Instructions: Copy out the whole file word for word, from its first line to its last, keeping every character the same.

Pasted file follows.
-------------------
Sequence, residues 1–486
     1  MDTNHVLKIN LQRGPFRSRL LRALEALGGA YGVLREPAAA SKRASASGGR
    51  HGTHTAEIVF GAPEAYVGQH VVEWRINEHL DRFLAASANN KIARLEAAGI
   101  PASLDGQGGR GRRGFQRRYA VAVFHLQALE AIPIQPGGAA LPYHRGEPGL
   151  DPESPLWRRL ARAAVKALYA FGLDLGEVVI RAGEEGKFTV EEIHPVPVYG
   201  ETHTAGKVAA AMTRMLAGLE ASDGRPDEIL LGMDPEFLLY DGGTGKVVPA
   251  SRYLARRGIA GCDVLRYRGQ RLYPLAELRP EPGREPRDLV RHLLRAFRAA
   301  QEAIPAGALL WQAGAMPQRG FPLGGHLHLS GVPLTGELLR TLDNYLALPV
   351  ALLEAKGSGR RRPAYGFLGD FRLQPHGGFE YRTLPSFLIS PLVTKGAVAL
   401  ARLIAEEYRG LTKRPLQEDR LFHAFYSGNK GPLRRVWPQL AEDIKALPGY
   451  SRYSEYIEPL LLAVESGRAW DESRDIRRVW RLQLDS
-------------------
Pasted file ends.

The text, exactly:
Sequence, residues 1–486
     1  MDTNHVLKIN LQRGPFRSRL LRALEALGGA YGVLREPAAA SKRASASGGR
    51  HGTHTAEIVF GAPEAYVGQH VVEWRINEHL DRFLAASANN KIARLEAAGI
   101  PASLDGQGGR GRRGFQRRYA VAVFHLQALE AIPIQPGGAA LPYHRGEPGL
   151  DPESPLWRRL ARAAVKALYA FGLDLGEVVI RAGEEGKFTV EEIHPVPVYG
   201  ETHTAGKVAA AMTRMLAGLE ASDGRPDEIL LGMDPEFLLY DGGTGKVVPA
   251  SRYLARRGIA GCDVLRYRGQ RLYPLAELRP EPGREPRDLV RHLLRAFRAA
   301  QEAIPAGALL WQAGAMPQRG FPLGGHLHLS GVPLTGELLR TLDNYLALPV
   351  ALLEAKGSGR RRPAYGFLGD FRLQPHGGFE YRTLPSFLIS PLVTKGAVAL
   401  ARLIAEEYRG LTKRPLQEDR LFHAFYSGNK GPLRRVWPQL AEDIKALPGY
   451  SRYSEYIEPL LLAVESGRAW DESRDIRRVW RLQLDS